The following is taken from TheScientist.com’s Blog entry from Friday (09/18/2009) Posted by Margaret Guthrie:
“The book presents detailed nutritional information on food plants, including insight into hybridization and genetic modification, such as genetic engineering to reduce cell-wall softening in tomatoes, one of the world’s most popular “vegetables.” …… Details of vegetative components are given, along with analysis of “other biologically active substances” like antioxidants, flavonoids and tannins.
Not given over entirely to facts, charts and tables, The New Oxford Book of Food Plants also contains quirky passages that entertain as they illuminate. For example, nestled into the entry for spinach: “[Spinach] was reputed to have very high content of iron but this is a myth due to the incorrect placing of a decimal point in the calculations of Dr. von Wolf at the end of the nineteenth century, although recalculated in the 1930s.”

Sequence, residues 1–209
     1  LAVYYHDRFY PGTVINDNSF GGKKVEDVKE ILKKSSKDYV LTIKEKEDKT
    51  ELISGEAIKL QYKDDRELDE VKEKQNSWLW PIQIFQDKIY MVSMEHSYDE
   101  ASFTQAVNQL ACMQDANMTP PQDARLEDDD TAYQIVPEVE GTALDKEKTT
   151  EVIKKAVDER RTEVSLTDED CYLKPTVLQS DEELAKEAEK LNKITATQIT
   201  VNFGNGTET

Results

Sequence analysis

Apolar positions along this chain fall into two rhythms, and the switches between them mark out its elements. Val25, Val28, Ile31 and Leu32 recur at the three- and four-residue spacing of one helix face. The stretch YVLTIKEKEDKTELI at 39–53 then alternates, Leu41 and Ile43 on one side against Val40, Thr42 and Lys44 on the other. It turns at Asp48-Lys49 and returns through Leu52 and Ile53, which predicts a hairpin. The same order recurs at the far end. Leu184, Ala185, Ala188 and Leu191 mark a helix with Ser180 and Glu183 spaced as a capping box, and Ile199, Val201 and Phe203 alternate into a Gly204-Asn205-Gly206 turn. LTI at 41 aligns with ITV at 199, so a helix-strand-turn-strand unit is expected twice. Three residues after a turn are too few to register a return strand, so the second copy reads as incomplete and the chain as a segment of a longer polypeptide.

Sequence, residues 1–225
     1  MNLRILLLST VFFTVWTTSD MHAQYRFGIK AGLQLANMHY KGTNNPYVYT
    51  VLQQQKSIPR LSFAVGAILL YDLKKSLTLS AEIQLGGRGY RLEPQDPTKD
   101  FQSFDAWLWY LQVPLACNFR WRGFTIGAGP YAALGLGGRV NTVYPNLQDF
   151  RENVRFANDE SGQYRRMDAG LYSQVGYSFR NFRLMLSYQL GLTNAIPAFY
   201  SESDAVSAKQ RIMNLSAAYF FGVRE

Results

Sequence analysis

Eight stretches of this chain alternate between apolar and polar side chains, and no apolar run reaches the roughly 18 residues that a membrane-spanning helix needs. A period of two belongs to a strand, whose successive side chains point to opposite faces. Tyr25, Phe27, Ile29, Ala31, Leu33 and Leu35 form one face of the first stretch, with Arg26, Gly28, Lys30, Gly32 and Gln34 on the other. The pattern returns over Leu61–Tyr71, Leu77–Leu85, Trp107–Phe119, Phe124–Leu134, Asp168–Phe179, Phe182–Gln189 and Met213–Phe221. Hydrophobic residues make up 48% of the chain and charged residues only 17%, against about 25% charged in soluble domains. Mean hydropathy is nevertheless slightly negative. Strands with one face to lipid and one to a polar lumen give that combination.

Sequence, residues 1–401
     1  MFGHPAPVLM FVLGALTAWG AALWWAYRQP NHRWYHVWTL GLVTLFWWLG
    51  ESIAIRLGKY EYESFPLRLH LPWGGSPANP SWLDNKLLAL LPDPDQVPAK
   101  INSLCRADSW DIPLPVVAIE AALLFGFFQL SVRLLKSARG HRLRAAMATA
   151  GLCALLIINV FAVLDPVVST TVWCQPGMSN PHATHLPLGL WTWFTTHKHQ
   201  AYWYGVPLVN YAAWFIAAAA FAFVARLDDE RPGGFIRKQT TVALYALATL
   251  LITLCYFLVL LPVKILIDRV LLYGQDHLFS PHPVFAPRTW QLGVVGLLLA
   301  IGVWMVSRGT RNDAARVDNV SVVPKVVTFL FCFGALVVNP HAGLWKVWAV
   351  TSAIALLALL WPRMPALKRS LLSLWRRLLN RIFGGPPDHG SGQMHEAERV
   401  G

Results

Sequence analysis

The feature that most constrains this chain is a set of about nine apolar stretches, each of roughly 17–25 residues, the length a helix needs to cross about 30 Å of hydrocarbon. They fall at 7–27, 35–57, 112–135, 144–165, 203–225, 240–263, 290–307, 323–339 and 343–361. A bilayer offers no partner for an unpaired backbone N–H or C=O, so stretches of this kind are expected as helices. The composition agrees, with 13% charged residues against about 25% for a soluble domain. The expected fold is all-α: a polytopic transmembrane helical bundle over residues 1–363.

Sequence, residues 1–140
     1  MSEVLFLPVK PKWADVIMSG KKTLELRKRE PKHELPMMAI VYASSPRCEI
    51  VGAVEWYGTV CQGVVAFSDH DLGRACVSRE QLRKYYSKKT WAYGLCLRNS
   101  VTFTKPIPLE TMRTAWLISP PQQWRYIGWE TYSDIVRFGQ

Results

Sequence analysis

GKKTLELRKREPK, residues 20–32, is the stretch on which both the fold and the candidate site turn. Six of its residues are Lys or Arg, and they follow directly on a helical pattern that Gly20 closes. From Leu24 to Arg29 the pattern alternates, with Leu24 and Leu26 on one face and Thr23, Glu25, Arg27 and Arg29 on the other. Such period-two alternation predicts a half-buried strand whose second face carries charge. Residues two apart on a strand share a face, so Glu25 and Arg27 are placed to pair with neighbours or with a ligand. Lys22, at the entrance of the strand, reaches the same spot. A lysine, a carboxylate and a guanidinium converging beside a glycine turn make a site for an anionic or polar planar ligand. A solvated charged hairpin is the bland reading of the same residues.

All in all, The New Oxford Book of Food Plants is an essential and engaging reference for everyone from casual readers and curious cooks to nutritionists and food writers. The book is due in bookstores on September 25.
The New Oxford Book of Food Plants, 2nd Edition, by J.G. Vaughan and C.A. Geissler, Oxford University Press USA, 2009. 288 pp. ISBN: 978-0-199-54946-7. $39.95.”